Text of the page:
Some very important speeches on industrial policy will probably not be made tonight. We may hear a speech from the hon. Member for Surrey, North-West (Mr. Grylls), who represents a partial strand of thinking. I shall be interested to hear exactly which strand he represents. There are two strands of thinking in the Labour Party and the Conservative Party that have wrought havoc on our industrial scene. Unfortunately, I suspect that they will not be represented in the debate.

Those strands are represented most clearly in the public mind—certainly in the mind of industry—by the right hon. Member for Bristol, South-East (Mr. Benn) for the Labour Party and by the right hon. Member for Leeds, North-East (Sir K. Joseph) for the Conservative Party. What was most striking about the Minister's speech was the way he announced with pride the assistance that was being given to industry. It is inconceivable that such a speech would have been made from the Treasury Bench two years ago under the then Secretary of State for Industry. That is what is wrong with industrial policy in Britain. We had two years of the policies of the right hon. Member for Leeds, North-East, and in the previous Administration we had two years of the right hon. Member for Bristol, South-East. After two years of the policies of the right hon. Member for Leeds, North-East, we have now a reversal to the type of policies promulgated by the Treasury Bench today.

Mr. Campbell-Savours

The hon. Member has spent part of his speech drawing attention to the policies of my right hon. Friend the Member for Bristol, South-East (Mr. Benn) and the right hon. Member for Leeds, North-East (Sir K. Joseph). What many of us are unable to understand is how, with a formula for a £3 billion reflation of the economy when the Labour Party is promoting an objective of £9 billion, it is possible to reflate the economy in such a way that demand is restored. What proportion of that £3 billion would the hon. Gentleman allocate as increased support to the industrial budget of another Government?

Mr. Wrigglesworth

We have limited time this evening. I should be delighted to take another hour repeating the speeches by my right hon. Friends the Members for Glasgow, Hillhead (Mr. Jenkins) and for Crosby (Mrs. Williams), or, indeed, many of speeches that my right hon. Friend the Member for Crosby made during the election campaign in Crosby. The hon. Gentleman knows the SDP view on the reflation of the economy. However, I wish to examine industial policy and not the overall economic policies of the Government.

It is inconceivable that the claims of aid to industry which were outlined by the Minister would have been made two years ago—£11 ½ billion total support for British industry. I welcome what the Minister said and the record that he has described. I also welcome his desire to extend aid for industry in the way that he has outlined. The choice of support for new technologies that his Department is pursuing is the right policy for the country. My only regret is that it is coming two years too late, and that a great opportunity was missed during that period when it was vital that industry should have the support and the cooperation of Government in order to resist and live with the consequences of the international recession.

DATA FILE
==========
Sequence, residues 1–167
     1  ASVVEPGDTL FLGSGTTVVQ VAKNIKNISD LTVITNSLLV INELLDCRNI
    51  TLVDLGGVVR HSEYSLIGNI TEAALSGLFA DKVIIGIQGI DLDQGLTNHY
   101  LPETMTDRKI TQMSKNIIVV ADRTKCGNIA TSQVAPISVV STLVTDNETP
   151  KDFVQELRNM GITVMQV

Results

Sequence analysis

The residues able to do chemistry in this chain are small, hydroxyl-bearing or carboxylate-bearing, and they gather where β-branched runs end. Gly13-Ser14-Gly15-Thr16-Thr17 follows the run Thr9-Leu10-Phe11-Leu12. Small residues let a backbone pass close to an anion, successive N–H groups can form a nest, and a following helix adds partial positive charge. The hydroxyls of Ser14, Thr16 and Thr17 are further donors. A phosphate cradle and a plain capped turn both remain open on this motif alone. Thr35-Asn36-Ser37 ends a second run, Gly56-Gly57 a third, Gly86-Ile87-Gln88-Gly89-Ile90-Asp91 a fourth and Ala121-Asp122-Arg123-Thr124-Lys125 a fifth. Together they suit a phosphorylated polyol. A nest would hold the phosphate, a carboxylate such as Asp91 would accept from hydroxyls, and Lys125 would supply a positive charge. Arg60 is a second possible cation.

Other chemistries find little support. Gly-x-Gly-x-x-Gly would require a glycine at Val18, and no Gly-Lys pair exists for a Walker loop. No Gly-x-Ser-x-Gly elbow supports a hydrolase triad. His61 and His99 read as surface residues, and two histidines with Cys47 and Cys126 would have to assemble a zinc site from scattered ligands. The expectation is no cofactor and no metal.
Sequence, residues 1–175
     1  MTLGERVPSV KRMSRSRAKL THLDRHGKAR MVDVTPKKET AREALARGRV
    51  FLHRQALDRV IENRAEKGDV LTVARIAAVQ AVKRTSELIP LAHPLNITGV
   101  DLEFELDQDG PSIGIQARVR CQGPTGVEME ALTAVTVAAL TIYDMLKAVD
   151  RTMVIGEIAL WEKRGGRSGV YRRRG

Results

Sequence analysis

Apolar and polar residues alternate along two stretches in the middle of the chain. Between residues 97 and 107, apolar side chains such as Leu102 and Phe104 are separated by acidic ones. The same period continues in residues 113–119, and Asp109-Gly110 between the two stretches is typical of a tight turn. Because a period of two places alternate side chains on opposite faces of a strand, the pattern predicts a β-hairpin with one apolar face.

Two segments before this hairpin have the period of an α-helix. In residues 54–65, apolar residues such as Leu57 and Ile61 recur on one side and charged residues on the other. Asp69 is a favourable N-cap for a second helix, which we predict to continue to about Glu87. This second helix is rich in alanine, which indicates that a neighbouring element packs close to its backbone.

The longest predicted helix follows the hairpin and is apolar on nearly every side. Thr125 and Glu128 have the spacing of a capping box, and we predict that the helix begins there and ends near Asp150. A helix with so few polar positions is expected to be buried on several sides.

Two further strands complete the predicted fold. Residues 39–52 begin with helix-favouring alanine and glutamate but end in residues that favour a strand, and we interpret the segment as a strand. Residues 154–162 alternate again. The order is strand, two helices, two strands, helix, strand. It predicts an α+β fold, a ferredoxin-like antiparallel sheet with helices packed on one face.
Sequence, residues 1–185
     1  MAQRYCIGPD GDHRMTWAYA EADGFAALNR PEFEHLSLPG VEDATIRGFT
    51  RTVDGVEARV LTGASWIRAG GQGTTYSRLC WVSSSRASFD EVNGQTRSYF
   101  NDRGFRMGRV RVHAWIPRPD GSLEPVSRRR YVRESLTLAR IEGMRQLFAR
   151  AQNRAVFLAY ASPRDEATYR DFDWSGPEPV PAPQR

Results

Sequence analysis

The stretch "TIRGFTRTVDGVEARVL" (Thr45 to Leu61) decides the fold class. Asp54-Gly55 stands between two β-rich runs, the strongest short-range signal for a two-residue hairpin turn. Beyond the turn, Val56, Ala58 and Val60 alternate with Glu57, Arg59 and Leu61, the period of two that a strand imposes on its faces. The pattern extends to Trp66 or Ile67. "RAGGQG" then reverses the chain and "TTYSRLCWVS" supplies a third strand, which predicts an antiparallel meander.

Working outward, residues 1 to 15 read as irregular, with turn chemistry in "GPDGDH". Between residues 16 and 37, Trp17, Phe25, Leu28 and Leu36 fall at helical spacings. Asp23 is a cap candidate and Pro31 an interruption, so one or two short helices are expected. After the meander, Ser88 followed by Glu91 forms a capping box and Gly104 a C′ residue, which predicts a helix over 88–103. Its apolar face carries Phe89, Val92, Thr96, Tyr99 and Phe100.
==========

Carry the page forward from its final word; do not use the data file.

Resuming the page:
If selective assistance to industry is to succeed, it must be within an overall strategy for industry, and, indeed, a partnership with industry. One of the most depressing aspects for many industries—the hon. Member for Bromsgrove and Redditch will understand this as well as anyone as he comes from an area that is dominated by the motor industry—was the way in which industries vital to the future of Britain were told that they were standing alone, that they were expected to stand on their feet not only without assistance but without any type of friendship or co-operation from the Department of Industry. Fortunately, that position has changed, and industry overall is getting much greater co-operation and assistance from the Department of Industry than it was at that time.

That is the right approach. We on the Social Democratic Party Bench want to see partnership between the Government and industry. We want to see the Government providing the environment which will improve the competitive edge of British industry, which it can succeed in doing. There are many examples of sectors of British industry that have succeeded and can still succeed in the world today. But they need Government cooperation and assistance if that success is to be forthcoming. They do not want the Government planning urged by the hon. Member for Whitehaven. The Government must follow a strategy, but the last thing that industry wants is big brother in Whitehall—which usually means civil servants and not Ministers—telling it what it should be doing. That is why the sort of assistance under section 8 of the Industry Act is the best from of assistance that can be given to British industry.